undocumented hit testing behavior on 10.2

Discussion created by bernese on Dec 13, 2013
Latest reply on Jan 9, 2014 by njarecha-esristaff
As requested in the 10.2 sticky thread, I am posting a test harness (see attached .zip) that shows undocumented hit testing behavior changes in 10.2. The test harness creates a basic map with one AGSTiledMapServiceLayer and one AGSGraphicsLayer. The AGSGraphicsLayer contains a single rectangular test graphic that is initially symbolized/filled with the default system color [UIColor redColor] and an alpha value of 1.0. A segmented control is provided that will toggle the alpha value to several values falling between 1.0 and 0.0, and some simple hit testing feedback is provided via on-screen labels, the presentation of a callout, and NSLog statements.

In using this test harness with 10.2, I see the following behavior:

  • Case of alpha = 1.0 OR 0.01 : Hits detected on perimeter and interior of test graphic.

  • Case of alpha = 0.0001 OR 0.0 : Hits detected on perimeter but not on interior of test graphic.

So, it appears that at some value approaching 0.0, the SDK decides that the alpha is effectively 0.0 and also starts passing hits through without assigning them to the graphic. Also, even at very low alpha values that still intercept touches, the fill is very slightly visible. I would like to be able to use a truly transparent fill (and outline, actually) and still catch interior taps.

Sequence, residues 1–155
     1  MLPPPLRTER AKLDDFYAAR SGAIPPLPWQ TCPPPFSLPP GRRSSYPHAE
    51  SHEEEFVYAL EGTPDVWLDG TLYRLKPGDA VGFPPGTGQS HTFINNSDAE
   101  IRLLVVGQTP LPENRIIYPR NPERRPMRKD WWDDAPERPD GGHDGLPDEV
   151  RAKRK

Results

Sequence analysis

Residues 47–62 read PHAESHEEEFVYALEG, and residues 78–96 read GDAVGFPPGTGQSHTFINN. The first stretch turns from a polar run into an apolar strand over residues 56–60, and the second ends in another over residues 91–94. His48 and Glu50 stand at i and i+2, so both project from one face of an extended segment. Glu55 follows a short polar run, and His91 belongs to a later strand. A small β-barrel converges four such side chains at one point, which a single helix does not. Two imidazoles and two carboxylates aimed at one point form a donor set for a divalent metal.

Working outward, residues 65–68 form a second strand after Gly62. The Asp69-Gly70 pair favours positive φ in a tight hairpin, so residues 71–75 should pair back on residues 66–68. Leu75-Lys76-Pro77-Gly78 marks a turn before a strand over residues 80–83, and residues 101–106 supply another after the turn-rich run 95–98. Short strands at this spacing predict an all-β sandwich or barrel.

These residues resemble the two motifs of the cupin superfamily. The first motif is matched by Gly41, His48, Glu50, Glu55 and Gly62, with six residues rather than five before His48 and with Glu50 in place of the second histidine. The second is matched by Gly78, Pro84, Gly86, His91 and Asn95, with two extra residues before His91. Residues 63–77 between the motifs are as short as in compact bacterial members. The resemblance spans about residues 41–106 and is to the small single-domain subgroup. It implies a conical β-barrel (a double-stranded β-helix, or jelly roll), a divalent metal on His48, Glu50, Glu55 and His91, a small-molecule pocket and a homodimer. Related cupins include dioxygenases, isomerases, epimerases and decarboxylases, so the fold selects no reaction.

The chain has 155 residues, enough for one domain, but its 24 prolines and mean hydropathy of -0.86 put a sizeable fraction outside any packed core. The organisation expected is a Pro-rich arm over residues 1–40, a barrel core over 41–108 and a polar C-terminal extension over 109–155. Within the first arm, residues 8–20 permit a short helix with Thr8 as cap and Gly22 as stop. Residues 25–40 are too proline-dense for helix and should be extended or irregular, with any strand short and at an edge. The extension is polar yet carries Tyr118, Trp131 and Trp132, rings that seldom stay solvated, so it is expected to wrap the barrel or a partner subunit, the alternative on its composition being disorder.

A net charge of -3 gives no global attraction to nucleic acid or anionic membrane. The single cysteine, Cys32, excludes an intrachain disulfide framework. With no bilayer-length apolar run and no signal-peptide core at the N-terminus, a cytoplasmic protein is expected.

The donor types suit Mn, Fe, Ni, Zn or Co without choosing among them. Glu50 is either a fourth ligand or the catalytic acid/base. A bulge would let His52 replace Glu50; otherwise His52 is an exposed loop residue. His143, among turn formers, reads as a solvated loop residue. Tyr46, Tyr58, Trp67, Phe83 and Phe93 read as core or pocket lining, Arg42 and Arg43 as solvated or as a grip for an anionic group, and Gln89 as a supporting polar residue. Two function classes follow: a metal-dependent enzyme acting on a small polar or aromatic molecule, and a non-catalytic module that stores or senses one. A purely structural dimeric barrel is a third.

Prior to 10.2, invisible areas of graphics caught hits and tehcnobrat's comment from the 10.2 sticky thread indicates this is unexpected behavior:
[INDENT]"We haven't changed the hit-testing mechanism to ignore transparent fills. I am unable to reproduce the behavior you described.
Could you please start a new thread and provide some code to repro?"[/INDENT]

Ideally, it seems like developers should be able to set a flag causing hit testing to either use or ignore the alpha value. On the project that led me to report this behavior, I would really like "invisible" graphics to still catch touches because they are sitting over a tiled map service that gives the user a really good idea of where they would like to tap and looks a lot better than a collection of visible graphics. However, I can see myself wanting the opposite behavior for a different use case involving city boundaries or the like.

Thanks, and apologies for the belated response; I've been swamped at work and am trying to maintain some semblance of work-life balance :p